Do or die

CLEMSON - There was a time this season when K.C. Rivers felt no one could stand in the way of him or his Clemson teammates.

The 17th-ranked Tigers were rolling right along. First they got out to a 16-0 start, then after back-to-back setbacks to North Carolina and Wake Forest, they reeled off three straight ACC wins to put themselves in position for a conference championship.

After back-to-back wins over Maryland and Georgia Tech, plus a 74-47 beat down of Duke, Clemson was the talk of the country and was being considered as a possible favorite in the NCAA Tournament and maybe a No. 2 seed.

"It seemed like we were having fun out there," Rivers said.

But somehow the fun stopped.

Clemson (23-8) has struggled to find its once vaunted defensive pressure and stumbles into the NCAA Tournament with four losses in its last five games, including Thursday's 86-81 loss to a Georgia Tech team that entered the ACC Tournament with a 2-14 conference record.

"I'm sure everybody knows what it is, but we just have that I-don't-care attitude," Rivers said. "Before, we played basketball and it seemed like we were having fun out there. It doesn't seem like we are having that much fun anymore."

Of course losing isn't fun, and that is something this group of Tigers are not accustomed too. This current slid is Clemson's worst since dropping nine of 11 games during the 2006-'07 season. In fact, only Rivers, forward Trevor Booker, center Raymond Sykes and forward David Potter were on that team.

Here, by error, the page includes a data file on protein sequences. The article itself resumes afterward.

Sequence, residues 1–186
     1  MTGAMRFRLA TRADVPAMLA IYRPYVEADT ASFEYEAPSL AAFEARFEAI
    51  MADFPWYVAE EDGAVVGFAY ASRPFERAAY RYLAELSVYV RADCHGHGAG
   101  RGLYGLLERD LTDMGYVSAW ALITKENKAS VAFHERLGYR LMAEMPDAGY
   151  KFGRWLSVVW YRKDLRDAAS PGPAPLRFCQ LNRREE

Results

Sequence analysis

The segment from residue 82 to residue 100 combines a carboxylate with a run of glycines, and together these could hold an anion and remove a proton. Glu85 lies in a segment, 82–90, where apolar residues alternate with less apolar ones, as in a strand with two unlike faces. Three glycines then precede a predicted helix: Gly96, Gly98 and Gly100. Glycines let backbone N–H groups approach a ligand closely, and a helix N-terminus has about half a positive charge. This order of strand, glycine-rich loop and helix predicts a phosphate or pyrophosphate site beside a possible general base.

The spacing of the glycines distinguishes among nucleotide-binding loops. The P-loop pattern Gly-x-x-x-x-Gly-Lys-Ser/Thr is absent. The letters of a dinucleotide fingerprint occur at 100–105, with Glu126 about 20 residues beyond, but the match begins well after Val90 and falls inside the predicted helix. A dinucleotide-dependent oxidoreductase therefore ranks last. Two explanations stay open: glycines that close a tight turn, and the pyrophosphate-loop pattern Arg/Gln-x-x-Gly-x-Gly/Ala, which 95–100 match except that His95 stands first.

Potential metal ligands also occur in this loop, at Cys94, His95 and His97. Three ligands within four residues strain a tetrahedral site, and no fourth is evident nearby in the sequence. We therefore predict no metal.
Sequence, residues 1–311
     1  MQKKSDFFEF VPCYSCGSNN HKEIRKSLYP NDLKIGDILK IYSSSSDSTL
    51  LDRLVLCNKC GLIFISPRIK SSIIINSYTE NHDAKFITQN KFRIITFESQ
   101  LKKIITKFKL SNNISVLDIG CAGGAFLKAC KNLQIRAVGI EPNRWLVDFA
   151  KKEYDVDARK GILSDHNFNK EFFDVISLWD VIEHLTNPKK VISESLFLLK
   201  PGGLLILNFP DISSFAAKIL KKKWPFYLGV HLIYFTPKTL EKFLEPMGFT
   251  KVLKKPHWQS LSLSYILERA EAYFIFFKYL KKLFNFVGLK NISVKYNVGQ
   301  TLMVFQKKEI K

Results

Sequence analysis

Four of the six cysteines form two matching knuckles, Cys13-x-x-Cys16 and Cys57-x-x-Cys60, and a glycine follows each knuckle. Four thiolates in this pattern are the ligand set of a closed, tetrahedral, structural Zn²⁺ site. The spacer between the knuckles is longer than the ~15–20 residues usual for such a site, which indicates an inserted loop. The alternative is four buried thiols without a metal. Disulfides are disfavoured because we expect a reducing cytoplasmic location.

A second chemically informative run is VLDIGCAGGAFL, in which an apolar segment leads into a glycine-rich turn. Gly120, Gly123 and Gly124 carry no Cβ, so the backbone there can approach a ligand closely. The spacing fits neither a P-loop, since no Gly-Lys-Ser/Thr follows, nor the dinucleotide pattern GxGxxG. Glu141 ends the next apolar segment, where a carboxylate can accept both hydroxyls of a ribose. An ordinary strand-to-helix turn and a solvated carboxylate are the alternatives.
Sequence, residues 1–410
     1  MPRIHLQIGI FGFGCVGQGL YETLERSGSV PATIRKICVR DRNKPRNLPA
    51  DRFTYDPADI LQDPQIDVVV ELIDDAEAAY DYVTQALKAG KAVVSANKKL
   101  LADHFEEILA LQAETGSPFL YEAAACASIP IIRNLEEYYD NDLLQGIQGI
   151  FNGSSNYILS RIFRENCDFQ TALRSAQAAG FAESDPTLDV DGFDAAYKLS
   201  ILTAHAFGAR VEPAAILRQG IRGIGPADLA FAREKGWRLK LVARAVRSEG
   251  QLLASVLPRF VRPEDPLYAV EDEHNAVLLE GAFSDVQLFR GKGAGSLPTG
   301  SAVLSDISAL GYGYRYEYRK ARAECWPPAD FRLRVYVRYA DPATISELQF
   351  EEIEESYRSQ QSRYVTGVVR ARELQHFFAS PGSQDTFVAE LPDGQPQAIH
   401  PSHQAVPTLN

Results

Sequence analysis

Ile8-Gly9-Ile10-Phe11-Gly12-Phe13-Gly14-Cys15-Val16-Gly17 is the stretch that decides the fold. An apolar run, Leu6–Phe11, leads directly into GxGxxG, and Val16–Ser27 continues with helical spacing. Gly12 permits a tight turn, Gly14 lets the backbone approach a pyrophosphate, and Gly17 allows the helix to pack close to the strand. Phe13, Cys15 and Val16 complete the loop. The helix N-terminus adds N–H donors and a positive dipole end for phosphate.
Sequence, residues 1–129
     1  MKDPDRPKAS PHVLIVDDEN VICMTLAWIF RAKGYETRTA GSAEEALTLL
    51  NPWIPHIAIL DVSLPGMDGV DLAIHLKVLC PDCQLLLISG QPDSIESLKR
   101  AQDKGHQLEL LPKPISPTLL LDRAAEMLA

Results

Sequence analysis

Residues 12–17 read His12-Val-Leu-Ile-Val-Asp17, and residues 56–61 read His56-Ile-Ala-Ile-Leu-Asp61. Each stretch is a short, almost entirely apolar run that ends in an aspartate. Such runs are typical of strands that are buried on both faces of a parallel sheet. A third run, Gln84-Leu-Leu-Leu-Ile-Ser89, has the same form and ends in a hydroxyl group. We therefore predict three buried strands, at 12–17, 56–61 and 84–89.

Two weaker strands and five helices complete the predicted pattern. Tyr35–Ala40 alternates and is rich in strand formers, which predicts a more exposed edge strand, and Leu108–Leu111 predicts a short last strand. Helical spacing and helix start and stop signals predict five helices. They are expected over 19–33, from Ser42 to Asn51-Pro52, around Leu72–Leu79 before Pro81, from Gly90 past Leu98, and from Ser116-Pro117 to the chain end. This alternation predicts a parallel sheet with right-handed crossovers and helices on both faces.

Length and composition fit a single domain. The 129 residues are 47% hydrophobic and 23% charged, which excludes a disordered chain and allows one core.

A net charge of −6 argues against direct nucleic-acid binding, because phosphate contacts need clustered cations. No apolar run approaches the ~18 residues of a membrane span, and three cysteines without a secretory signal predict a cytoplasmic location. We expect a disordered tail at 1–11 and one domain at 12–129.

Guys like Terrence Oglesby, Demontez Stitt and Jerai Grant have never lost more than two straight games in their Clemson careers, a streak they hope continues in the first round of the NCAA Tournament.

"We have to find a way somewhere along the line to get that excitement back," Rivers said. "We have to get our energy back and get our press back to the way it used to be and make a run in this NCAA Tournament.

"It takes six games to win a national championship so we have to take it one game at a time. And that starts next week."

But first Clemson has to sure up its defense. The Tigers pressure defense has been virtually non-existent over the last five games. Clemson is giving up 78.4 points a game over that period, including a combined 182 points in the last two games alone. In those two games, Wake Forest shot 59.6 percent from the field, while the Yellow Jackets made 55.7 percent of their field goals. Also in both of those games, Clemson gave up more than 40 points in the paint.

Georgia Tech, who seemed to have had an endless line of layups and dunks, scored 42 points in the paint and outscored the Tigers in transition, 33-15.

"There were times during the game that we did not pressure the ball well," Clemson coach Oliver Purnell said. "Our goal coming into this game was to go 40 minutes of good pressure in the backcourt. We did not do that consistently and when we scored 80 points again, it should have been enough to win."

Added Booker, "If we play good Clemson basketball, I feel like it will be tough to stop us, but we have not been doing that lately. We have to get back to that and then we can get back on the winning side of things."

And if they don't - then Rivers' Clemson career is over.

"For me it is do or die," the senior said. "In general, it is for the whole team. It is win or go home. We have to get back and find what it is that got us going before."

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